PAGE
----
Spoilers:  If you haven’t seen these episodes or plan to do so at some point, then this is your fair warning that what follows is a summary of the outcome for the main character in each episode.  In other words, don’t read it.

Last warning.  The list is under this paragraph.

Here’s the chart showing each episode and the ending for the main character:

1. Test pilot: goes crazy.
2. Salesman: Dies. He does get to save a girl’s life, but she was only in danger because of his unwillingness to die.  In the end, he died.
3. Western Drunk: GOOD ENDING (gives up drinking and doesn’t have to defend “fastest gun” title due to injury).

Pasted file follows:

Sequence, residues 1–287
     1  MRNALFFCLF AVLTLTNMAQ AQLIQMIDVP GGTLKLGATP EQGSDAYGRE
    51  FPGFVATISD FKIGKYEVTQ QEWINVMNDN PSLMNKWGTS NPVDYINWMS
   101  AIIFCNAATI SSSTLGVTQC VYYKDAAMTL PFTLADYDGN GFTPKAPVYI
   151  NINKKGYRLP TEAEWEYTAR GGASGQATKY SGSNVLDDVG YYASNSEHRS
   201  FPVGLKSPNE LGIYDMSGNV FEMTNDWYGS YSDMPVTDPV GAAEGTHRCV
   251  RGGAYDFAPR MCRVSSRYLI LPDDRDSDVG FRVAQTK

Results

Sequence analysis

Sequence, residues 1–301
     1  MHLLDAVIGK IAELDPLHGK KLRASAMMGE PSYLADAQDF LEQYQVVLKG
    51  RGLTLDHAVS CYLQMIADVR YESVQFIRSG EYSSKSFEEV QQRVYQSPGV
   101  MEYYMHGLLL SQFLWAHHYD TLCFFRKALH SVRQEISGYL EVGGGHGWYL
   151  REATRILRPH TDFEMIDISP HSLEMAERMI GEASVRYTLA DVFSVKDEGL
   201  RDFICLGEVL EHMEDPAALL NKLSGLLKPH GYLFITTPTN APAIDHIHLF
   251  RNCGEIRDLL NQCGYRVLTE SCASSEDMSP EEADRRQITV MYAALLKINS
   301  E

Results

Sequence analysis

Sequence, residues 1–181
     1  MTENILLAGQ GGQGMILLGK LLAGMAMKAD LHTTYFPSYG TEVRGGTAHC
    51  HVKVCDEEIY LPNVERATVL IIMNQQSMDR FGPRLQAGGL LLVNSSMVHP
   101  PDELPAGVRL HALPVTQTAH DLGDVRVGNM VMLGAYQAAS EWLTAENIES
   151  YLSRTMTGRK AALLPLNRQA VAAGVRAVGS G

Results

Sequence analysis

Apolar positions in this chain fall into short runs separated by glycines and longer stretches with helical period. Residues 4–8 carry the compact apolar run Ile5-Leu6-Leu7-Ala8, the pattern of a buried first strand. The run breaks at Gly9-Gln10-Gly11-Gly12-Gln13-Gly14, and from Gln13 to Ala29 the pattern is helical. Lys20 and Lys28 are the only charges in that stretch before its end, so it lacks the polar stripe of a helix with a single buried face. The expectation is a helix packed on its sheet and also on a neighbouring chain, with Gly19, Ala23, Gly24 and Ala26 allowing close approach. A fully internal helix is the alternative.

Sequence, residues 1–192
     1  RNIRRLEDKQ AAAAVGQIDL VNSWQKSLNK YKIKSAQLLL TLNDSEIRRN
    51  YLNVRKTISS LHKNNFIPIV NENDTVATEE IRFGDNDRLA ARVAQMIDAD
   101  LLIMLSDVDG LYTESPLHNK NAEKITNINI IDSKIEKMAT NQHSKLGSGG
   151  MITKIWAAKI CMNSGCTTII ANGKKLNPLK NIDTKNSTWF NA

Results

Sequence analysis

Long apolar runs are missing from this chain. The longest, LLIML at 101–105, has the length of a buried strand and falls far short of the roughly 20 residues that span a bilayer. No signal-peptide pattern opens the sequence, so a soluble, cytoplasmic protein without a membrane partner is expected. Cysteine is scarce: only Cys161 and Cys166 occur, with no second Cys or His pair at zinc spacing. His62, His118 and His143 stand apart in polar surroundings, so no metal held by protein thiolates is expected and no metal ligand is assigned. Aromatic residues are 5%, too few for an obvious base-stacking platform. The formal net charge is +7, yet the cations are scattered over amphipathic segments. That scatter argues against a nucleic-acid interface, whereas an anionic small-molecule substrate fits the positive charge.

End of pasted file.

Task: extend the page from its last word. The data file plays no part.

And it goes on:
4. Actress: dead/disappeared (This COULD be seen as a good ending, but basically she has disappeared into her own delusion, which is never good).
5. Man visits his childhood town: GOOD ENDING (He got a better appreciation for life)
6. Hypochondriac: Dies after being tricked by Satan.
7. Asteroid convict: abandons the love of his life in exchange for freedom.
8. Reader: alone with no glasses to read all the books he wants to read
9. Dreamer: dies
10. Sub commander: dead and being psychologically tortured.
11. Astronauts: removed from existence.
12. Needy barfly: dead (struck by car)
13. Face changer: dies (got mistaken for someone else)
14. Family flees certain nuclear war: GOOD ENDING (although this one was questionable because they were headed to another planet with nuclear capability and the real danger of nuclear war).